Two of my classes this semester started by considering who today’s young adults are. In conversations relating to library services for young adults and contemporary and realistic young adult literature, what has become clear is that it’s difficult to define who young adults are and accurately representing them is becoming increasingly complex.
In my course on library programs and services for young adults, we’ve started by reading research-based approaches on defining young adulthood, then considering that application to teen services in libraries. I appreciate this background, but I’ve also struggled with the fact that even readings from 2017, the most current sources on the syllabus, feel slightly out of date in terms of the way the world has changed since these articles were published both technologically, politically, and socially.
In my course on contemporary and realistic young adult fiction, my professor asked the class if we though that the YA fiction being released in 2020 and 2021 can really be considered to be accurate representations of young adults given the way the COVID-19 pandemic has altered all aspects of life. Given that publishing a novel takes a significant period of time, the young adult novels released in 2022 and 2023 may already be written. Will these books accurately represent young adulthood when they finally reach the hands of readers given that the trajectory of “normalcy” is still unknown? Even as vaccinations start to increase for COVID-19 and people look towards a return to normal, at the time of this post, there still isn’t a COVID vaccine that has been approved for use in people younger than 16 which will affect what is “normal” for young people.
I’m not saying teens are unknowable or that it’s impossible to represent contemporary young adulthood in literature. But, as LIS students and future professionals, how do we serve young people in a rapidly changing world? This feels like a question that likely has always plagued youth services, but it feels particularly relevant to me right now.
This is also a question that feels relevant to me as we consider generational divides, with one example being that between Gen Z and Millennials. I had the weird realization that, technically, I’m on the upper end of being Gen Z depending on when you chose to divide the two generations, but in no way do I actually feel like I’m Gen Z. Yet, when I’m a youth services librarian, I’ll be serving teens who are solidly members of this generation. How am I supposed to serve as an authoritative professional for young people who are technically my generational peers particularly when their formative years are occurring in a global pandemic?
By no means do I have the answer to any of this (after all, I’m only three weeks into my semester), but I do have a few thoughts from readings and class discussions that have stuck with me.
Adaptability and Flexibility
Regardless of who you’re providing services for, adaptability and flexibility are important aspects of library work. However, in turbulent times and when working with young people I feel like these are particularly important. I was lucky to start a public library job as a library assistant in youth services in late 2020, and I’ve spent the first few months of my new job watching the librarians I work with provide quality services and to hear a little bit about the struggles they experienced in providing programs in the early months of COVID-19 and how they’ve adapted in order to reach more patrons. Regardless of how we define young adults or see them represented in media, we can adapt our understandings of young people and how we provide services to them.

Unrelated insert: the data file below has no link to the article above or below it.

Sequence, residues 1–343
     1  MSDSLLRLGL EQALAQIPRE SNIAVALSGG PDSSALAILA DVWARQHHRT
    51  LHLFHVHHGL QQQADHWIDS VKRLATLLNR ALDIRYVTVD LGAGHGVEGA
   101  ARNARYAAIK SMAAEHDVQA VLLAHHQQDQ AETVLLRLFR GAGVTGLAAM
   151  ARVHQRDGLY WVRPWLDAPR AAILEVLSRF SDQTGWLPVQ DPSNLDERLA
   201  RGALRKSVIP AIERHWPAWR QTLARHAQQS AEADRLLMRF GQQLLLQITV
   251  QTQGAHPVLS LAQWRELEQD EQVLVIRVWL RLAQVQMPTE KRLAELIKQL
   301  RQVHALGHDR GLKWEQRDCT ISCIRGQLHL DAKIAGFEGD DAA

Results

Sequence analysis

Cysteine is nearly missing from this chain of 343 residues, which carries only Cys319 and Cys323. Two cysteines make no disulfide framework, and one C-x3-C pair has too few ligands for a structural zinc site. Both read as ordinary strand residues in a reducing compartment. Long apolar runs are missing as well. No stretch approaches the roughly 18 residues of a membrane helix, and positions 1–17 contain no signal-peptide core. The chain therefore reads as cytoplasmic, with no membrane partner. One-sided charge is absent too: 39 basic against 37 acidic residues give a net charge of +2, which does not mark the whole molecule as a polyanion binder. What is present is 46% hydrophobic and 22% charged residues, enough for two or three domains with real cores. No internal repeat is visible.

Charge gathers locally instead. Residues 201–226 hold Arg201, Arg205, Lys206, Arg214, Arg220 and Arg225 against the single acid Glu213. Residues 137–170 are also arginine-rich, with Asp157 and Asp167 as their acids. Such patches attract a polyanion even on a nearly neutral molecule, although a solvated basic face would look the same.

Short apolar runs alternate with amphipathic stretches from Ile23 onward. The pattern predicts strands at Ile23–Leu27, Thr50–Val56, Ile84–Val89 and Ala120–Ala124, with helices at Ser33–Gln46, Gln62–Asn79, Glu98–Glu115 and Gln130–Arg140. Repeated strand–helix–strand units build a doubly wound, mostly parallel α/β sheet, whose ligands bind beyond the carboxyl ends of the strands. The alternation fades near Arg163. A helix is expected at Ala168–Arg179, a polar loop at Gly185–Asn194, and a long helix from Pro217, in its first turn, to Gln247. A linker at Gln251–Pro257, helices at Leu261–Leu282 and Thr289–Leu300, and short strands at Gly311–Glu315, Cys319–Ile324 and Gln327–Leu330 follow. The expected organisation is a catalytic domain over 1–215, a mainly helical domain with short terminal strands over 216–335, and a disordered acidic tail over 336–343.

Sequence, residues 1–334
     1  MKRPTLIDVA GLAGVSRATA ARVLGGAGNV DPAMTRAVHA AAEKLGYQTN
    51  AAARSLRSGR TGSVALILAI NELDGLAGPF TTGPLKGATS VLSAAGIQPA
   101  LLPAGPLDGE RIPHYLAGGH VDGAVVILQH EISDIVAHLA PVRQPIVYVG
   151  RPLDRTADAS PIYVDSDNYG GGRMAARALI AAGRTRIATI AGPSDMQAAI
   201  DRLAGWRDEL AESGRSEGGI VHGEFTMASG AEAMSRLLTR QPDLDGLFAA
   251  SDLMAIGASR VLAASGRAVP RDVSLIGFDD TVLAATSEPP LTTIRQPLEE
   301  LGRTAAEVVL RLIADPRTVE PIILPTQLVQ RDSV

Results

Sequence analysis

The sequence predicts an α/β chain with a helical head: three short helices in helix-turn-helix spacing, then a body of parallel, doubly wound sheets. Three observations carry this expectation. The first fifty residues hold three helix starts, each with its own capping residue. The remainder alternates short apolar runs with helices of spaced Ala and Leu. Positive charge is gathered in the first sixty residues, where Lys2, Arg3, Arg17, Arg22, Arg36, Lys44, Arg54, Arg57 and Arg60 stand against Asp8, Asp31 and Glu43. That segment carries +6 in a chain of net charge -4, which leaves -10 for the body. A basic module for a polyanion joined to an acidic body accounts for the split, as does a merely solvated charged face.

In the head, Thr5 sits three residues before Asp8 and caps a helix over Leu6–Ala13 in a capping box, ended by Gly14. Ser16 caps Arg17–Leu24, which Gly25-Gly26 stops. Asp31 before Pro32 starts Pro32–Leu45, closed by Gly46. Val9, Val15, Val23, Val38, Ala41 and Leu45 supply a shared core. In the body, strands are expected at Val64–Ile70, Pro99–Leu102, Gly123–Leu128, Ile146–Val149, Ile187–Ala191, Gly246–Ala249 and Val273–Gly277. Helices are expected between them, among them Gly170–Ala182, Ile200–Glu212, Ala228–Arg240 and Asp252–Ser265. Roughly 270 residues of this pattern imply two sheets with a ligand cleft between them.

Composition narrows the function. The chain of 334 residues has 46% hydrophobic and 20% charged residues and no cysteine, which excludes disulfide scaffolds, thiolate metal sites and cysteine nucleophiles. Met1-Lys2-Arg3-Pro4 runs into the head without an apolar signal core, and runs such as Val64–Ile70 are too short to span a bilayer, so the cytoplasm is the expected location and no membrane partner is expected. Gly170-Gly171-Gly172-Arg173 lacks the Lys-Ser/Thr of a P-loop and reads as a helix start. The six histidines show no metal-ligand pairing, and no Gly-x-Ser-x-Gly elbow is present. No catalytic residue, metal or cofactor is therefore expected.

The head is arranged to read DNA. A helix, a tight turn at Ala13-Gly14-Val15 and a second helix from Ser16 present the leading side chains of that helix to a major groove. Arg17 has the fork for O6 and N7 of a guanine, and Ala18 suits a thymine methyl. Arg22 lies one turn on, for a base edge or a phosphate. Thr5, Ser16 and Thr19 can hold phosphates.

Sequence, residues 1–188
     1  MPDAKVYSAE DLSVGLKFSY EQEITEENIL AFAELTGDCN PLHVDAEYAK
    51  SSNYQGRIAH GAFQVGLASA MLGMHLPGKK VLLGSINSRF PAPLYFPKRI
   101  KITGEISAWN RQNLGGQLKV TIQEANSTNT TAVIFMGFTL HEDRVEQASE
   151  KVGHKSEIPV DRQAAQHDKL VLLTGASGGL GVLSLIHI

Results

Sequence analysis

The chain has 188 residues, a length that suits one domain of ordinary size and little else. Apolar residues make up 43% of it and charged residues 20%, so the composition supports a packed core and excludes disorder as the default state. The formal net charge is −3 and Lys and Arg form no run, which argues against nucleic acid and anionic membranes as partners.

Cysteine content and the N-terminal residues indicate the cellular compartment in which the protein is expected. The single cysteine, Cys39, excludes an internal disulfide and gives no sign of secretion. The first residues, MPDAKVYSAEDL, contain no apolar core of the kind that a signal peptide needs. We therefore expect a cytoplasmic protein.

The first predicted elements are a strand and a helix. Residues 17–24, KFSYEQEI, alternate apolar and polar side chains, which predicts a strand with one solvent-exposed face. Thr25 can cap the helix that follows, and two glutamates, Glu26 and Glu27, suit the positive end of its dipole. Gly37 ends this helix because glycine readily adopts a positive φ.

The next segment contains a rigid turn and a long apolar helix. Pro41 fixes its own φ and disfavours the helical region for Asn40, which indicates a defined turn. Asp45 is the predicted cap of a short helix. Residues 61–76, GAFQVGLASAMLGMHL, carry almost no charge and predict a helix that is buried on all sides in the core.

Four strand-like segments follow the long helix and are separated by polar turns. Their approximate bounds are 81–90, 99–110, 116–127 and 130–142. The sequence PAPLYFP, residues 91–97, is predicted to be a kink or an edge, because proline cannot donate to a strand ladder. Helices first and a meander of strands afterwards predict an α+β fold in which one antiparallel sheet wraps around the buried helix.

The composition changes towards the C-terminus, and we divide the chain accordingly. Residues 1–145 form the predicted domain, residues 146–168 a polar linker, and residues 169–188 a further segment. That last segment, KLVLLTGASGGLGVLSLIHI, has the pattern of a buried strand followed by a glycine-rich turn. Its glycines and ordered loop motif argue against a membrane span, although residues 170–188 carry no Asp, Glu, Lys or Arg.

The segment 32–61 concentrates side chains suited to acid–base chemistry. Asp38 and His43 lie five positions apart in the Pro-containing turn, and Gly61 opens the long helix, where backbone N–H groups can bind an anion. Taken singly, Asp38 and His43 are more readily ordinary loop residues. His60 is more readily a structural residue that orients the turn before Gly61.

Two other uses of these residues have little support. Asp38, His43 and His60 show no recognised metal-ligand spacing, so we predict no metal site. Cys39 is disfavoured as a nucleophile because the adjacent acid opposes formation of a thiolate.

One of my favorite readings from class so far was written by Linda Braun, past president of YALSA, for Voice of Youth Advocates where she wrote about moving from simply having conversations with young people to actively building relationships with young people in our libraries. If we want to serve teens and determine accurate representations of teens in our collections, then we need to get to know the teens we serve. One of my favorite parts about working at a summer camp was getting to really know the kids that I got to work with, and I look forward to building relationships with my future teen patrons.
Look toward teen-driven services
In 2020, American Libraries Magazine has published a few articles about letting teens lead whether that be in social justice projects, or by reshaping the role that a teen advisory board has. Moving from teen-centered services to teen-driven services gives young-people an active role in what programs and services are available to them at a library. Reading these articles has helped me understand how teen-driven services can shape the way that librarians define young adulthood. I’d recommend them, and I hope that someday soon I have a chance to explore the teen-driven service model
When it comes to learning about services and programs for young adults I have a lot to learn over the course of this semester. I’m thankful to be in courses that are challenging me to think critically and explore my conceptions and understandings of young adulthood. I hope to work on developing the skills I’ve mentioned above and to continue adding to my skillset during this semester and beyond.
Is there anything you think I’ve missed? Please share in the comments!
Macy Davis is a second-year student at Simmons University in the MA in Children’s Literature/MS in Library and Information Sciences dual degree program. She’s currently reading a lot of contemporary YA fiction and watching her way through Game of Thrones. You can find her on Twitter @bookishlybright or through her personal blog.